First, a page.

So, if you set KPIs, like an 18% bounce rate, you should be able to check if your test results are meeting your conversion goals.

    Learn more tips and tricks to read your metrics here, as well as how to fix common measurement mistakes.

    With CRO, there are no limits to what can be tested. You have the ability to see which strategies work best for your audience’s needs. 

    Although CRO testing has been part of the digital marketing space for a while, only 17% of marketers use landing page A/B tests to improve conversion rates.

    Don’t be that marketer.

    In a case study by Data36, the B version of a landing page outperformed the A version by 99%.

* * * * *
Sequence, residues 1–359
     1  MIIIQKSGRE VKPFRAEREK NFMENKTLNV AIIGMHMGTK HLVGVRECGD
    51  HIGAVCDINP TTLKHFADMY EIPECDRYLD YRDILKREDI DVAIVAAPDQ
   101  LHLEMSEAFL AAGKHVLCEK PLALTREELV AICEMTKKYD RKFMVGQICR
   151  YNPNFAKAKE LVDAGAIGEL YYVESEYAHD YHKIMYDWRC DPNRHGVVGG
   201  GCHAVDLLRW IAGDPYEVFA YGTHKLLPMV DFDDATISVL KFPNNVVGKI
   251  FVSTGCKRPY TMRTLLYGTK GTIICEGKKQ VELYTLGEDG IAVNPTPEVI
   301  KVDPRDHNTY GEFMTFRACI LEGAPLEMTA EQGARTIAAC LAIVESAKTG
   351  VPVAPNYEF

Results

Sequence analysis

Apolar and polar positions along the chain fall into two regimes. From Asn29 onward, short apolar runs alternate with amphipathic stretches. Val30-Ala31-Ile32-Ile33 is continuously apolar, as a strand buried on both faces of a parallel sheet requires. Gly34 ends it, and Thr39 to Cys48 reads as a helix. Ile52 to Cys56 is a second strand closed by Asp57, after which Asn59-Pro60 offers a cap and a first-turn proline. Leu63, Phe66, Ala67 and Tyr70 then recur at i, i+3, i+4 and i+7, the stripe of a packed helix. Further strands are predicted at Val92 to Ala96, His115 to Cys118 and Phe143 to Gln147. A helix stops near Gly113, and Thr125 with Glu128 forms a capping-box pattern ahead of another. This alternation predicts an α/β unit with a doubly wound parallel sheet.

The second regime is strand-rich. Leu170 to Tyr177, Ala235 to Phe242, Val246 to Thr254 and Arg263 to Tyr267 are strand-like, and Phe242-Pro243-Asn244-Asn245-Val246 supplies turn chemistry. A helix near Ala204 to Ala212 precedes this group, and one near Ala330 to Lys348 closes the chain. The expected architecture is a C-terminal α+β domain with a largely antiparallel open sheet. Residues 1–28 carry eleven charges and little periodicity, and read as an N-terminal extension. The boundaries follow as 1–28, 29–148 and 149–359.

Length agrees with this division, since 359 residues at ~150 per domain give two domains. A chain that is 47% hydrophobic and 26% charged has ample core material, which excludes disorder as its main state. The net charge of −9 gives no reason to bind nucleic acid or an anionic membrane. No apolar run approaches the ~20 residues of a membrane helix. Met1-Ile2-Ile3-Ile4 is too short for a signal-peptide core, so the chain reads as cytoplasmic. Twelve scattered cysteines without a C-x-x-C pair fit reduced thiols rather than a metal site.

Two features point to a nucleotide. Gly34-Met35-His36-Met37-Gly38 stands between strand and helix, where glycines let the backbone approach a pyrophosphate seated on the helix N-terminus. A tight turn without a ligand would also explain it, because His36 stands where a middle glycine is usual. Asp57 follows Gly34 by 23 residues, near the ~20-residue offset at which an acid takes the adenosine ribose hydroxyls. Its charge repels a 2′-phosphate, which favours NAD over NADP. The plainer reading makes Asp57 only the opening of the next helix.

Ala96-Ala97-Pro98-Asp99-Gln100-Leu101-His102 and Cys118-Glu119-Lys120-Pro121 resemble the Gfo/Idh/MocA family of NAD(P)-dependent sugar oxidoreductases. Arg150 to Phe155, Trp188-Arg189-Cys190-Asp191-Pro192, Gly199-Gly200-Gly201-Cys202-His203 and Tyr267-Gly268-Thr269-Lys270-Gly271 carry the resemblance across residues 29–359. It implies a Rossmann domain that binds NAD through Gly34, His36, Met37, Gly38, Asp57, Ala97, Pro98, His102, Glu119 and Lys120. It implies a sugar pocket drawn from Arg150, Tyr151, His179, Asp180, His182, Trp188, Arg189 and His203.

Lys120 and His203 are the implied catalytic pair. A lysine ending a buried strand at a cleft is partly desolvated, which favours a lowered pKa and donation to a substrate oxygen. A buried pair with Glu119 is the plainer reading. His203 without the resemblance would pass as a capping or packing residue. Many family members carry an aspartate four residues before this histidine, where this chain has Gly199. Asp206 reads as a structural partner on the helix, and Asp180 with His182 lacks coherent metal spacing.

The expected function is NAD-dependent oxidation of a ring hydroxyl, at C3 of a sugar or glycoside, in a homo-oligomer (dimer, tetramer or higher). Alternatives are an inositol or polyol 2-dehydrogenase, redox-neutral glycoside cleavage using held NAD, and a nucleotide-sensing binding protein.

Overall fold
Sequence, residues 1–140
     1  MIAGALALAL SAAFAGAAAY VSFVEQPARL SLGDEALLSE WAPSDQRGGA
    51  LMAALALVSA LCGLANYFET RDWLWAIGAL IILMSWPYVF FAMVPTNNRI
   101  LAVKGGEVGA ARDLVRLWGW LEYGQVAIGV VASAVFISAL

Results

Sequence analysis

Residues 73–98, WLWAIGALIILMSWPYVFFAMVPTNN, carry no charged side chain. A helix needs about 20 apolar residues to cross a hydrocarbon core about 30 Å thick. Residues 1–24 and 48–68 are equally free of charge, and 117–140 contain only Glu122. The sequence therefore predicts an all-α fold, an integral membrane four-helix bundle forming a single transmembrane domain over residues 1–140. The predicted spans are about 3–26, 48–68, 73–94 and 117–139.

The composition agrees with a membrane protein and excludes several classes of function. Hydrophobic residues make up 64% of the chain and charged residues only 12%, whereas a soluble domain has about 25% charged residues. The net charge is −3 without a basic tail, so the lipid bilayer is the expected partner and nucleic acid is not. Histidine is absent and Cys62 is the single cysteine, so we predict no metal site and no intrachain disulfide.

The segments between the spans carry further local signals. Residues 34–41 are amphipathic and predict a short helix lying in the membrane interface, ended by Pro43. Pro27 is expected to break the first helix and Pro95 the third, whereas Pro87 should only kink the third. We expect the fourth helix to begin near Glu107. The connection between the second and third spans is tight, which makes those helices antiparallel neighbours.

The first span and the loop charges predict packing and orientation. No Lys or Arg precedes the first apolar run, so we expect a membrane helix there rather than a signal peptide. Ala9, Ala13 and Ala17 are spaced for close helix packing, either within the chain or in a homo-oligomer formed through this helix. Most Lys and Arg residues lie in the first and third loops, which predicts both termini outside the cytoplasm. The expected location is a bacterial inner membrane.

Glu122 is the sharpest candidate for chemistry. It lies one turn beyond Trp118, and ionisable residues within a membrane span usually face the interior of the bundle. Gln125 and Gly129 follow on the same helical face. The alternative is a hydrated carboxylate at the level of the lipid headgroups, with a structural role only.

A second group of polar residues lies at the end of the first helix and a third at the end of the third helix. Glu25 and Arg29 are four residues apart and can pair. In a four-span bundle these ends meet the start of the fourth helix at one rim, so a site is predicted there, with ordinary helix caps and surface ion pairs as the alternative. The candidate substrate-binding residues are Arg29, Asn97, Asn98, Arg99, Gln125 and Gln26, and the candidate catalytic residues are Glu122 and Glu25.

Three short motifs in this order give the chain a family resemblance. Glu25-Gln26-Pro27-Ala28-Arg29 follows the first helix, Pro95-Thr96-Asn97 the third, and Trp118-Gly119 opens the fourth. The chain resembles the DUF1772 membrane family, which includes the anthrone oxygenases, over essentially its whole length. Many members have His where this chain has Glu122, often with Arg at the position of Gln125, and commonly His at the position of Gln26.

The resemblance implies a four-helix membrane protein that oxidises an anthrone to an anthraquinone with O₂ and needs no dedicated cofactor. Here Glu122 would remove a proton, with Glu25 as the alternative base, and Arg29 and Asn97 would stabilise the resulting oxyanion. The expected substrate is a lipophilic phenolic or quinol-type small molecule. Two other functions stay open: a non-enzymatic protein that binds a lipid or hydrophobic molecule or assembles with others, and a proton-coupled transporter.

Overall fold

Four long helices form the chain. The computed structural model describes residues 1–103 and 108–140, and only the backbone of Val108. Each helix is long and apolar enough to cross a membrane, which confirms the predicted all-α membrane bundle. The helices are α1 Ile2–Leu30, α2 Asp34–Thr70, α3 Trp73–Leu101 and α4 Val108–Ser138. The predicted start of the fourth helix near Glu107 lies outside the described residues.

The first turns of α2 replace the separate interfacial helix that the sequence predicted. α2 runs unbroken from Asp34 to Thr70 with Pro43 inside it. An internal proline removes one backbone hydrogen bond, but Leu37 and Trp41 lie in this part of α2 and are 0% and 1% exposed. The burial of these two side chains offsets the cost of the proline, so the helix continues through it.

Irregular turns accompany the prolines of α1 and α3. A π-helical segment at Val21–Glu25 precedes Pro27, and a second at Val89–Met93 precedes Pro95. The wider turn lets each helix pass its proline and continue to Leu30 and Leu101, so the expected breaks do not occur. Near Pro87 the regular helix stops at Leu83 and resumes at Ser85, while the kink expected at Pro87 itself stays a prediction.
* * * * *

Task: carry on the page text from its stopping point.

CRO testing
    Be part of the 17% using CRO testing – source

    A 99% increase in conversions could be happening to your landing page.

    If you (or your agency) use CRO testing for your website consistently, you’ll continually increase your chances to receive more conversions by trying to improve your user experience, even if they’re not all winning ideas. CRO testing is not a one-time process, but rather an ongoing endeavor.

    Ready to get started? Here’s our best CRO testing ideas.

    If you’re not CRO testing, you’re missing out on increasing your conversions exponentially.

    Chapter 2:
    CRO Testing

    What You’ll Learn: Now that you’ve learned what to research, it’s time to start running tests to increase your conversion rates.

    Chapter 3:
    CRO Strategies

    What You’ll Learn: You understand CRO, you know how to accurately test, now what tried & true strategies can you put to the test?

    Chapter 4:
    CRO Tips and Tricks

    What You’ll Learn: Sometimes one new idea is all you need to get a new test to perform better. Here are some tips and tricks to take you further.